An analysis by Media Matters found Jeff Bezos’ rocket trip to the edge of space for 10 minutes got nearly as much coverage in one day as climate change did for an entire year.
NBC, ABC and CBS morning shows spent 212 minutes covering the short trip on Tuesday and spent 267 minutes covering the climate crisis all of 2020. Media Matters has also found white men overwhelmingly dominated the airwaves on climate coverage for at least the fourth year in a row.
As the impacts of the climate emergency continue to be felt around the globe, white men overwhelmingly dominate the airwaves on climate coverage. We speak with co-editors of the new book “All We Can Save,” an anthology of essays by 60 women at the forefront of the climate justice movement. “We are simply not seeing very much climate coverage at all in the mainstream media,” says Ayana Elizabeth Johnson, a marine biologist and co-founder of the Urban Ocean Lab. Katharine Wilkinson, visiting professor at Sewanee: The University of the South in Tennessee, emphasizes women and girls around the world are “disproportionately impacted by climate change” and must lead the search for solutions. “There is a growing body of research that centering women’s leadership on climate is not just something that sounds nice. It’s actually a critical strategy for how we win,” Wilkinson says.
AMY GOODMAN: This is Democracy Now!, democracynow.org, The War and Peace Report. I’m Amy Goodman, with Nermeen Shaikh.
An analysis by Media Matters found Jeff Bezos’ rocket trip to the edge of space for 10 minutes got nearly as much coverage in one day as climate change did for an entire year. NBC, ABC and CBS morning shows spent 212 minutes covering the short trip on Tuesday and spent 267 minutes covering the climate crisis all of 2020. Media Matters has also found white men overwhelmingly dominated the airwaves on climate coverage for at least the fourth year in a row.
This comes as the impact of the climate crisis continues to be felt around the globe. Dozens are dead in China’s Henan province after it was battered with a year’s worth of rain in just three days. Hundreds of thousands had to be evacuated. In Siberia, more than 300,000 residents were told to stay indoors amid record-breaking wildfires. Here in the U.S., the skies are once again thick with haze as far east as New York City, where we are, as the massive Bootleg Fire in Oregon and other fires rage in the West, burning an area larger than Los Angeles. This comes as a new report found the California wildfires could contain dangerous levels of toxic metals, including lead. Meanwhile, the Great Salt Lake, the largest saltwater lake in the Western Hemisphere, has tied its all-time historic lowest level, is expected to break that record soon amidst the ongoing drought. This all comes as deadly floods swept through western Germany and parts of Belgium last week.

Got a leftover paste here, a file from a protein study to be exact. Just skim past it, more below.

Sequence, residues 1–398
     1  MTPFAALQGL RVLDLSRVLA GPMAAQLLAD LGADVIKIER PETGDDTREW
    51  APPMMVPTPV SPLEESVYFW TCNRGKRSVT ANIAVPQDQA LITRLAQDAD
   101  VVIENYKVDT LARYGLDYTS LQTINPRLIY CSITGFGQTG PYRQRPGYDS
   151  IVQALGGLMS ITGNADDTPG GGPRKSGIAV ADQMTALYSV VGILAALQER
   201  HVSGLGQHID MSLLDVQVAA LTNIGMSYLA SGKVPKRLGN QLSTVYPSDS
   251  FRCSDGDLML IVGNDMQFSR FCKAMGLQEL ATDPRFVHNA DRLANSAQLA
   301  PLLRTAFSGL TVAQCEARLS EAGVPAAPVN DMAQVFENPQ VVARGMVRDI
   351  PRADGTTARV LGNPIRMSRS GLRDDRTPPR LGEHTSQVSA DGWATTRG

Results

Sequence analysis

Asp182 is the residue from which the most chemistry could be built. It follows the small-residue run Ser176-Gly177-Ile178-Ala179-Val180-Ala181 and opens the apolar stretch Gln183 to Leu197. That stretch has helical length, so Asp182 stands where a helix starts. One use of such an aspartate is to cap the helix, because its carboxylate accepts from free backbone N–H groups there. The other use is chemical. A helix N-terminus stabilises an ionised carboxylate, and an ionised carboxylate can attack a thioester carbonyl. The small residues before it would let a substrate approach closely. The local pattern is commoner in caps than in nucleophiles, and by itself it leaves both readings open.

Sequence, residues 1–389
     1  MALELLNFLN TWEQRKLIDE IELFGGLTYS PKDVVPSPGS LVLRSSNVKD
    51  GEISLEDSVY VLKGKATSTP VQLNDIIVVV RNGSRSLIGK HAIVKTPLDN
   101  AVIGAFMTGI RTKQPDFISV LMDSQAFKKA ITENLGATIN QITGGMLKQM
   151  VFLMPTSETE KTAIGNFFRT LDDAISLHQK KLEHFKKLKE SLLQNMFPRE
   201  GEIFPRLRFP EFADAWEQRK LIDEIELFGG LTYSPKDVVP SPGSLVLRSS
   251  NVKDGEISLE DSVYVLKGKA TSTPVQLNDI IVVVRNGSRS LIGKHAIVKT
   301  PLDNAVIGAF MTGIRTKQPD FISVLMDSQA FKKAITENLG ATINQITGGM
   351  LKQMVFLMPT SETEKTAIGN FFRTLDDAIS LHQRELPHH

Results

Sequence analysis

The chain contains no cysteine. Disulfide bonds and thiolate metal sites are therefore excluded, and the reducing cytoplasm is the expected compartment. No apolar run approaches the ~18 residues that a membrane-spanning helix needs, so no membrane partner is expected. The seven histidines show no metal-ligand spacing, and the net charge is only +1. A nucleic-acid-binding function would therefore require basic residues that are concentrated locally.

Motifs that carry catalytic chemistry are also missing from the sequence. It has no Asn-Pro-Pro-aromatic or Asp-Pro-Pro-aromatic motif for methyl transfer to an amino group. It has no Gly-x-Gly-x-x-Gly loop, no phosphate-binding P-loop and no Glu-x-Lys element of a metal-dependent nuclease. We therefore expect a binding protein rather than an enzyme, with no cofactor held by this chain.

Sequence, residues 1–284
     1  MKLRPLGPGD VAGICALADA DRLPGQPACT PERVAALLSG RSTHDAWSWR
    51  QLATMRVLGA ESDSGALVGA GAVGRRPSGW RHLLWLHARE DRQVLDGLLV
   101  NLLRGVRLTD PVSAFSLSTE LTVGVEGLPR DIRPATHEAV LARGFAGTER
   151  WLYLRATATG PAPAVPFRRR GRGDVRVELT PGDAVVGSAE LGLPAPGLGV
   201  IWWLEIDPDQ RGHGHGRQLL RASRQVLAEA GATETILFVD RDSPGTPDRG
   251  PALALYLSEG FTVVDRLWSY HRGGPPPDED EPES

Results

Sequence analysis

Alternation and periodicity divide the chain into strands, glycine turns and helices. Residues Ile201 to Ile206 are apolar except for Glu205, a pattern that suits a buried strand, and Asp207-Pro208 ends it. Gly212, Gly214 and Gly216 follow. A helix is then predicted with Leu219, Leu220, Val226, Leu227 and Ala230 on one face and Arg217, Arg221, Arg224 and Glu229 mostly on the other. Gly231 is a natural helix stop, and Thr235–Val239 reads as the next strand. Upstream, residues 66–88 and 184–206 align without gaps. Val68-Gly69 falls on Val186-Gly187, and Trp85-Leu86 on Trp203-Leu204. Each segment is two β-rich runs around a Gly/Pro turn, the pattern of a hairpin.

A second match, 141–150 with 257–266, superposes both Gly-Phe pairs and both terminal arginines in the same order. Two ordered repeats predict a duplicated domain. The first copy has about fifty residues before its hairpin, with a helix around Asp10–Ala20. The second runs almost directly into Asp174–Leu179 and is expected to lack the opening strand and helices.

Well, we spend the rest of the hour with the co-editors of the book All We Can Save, just out in paperback this week. It’s an anthology of essays by 60 women at the forefront of the climate movement. Dr. Ayana Elizabeth Johnson is a marine biologist and co-founder of the Urban Ocean Lab. And Dr. Katharine Wilkinson is an author and visiting professor at Sewanee: The University of the South in Tennessee. They’re co-founders of the All We Can Save Project.
We welcome you to Democracy Now! Dr. Ayana Johnson, let’s begin with you. If you can look at the globe for us, I mean, if we took that view from space of the globe, from the massive fires in the west of the United States to the massive flooding in China that we’re seeing right now, the drought of the Great Salt Lake, put this together for us, why we should care, and what people are doing about it right now.
AYANA ELIZABETH JOHNSON: I mean, we should care because this is the planet that we have to live on, right? Like, we can’t actually all leave the planet. And it is interesting that you opened this segment by talking about the balance of coverage. We are simply not seeing very much climate coverage at all in the mainstream media. What we see is last year about 0.4% of the major news shows’ minutes were about climate, 0.4%. So we’re not talking about what we’re supposed to do. And only 30% of the coverage that does exist on climate in major news outlets talks about solutions. So we’re just not having the deep conversations about what we do next.
So, Katharine and I decided to put together this anthology to bring a whole new cadre of climate leaders to the fore, to expand the number of voices people were looking to in times of crisis, to share the wisdom from women climate leaders, and to have this focus on solutions, as the subtitle reflects, that this is about truth, courage and solutions, not like doom, gloom and give up, but really thinking about what’s next for the climate movement and the need for it to be a very leaderful movement if we’re going to succeed.
NERMEEN SHAIKH: Dr. Ayana Elizabeth Johnson, you, of course, focus on oceans in your own work. Could you talk about the specific impact on oceans and ocean life from climate change? You’ve said when — you know, people talk about the Amazon and rainforests as being the lungs of the world. You say that oceans are, as well. Could you explain?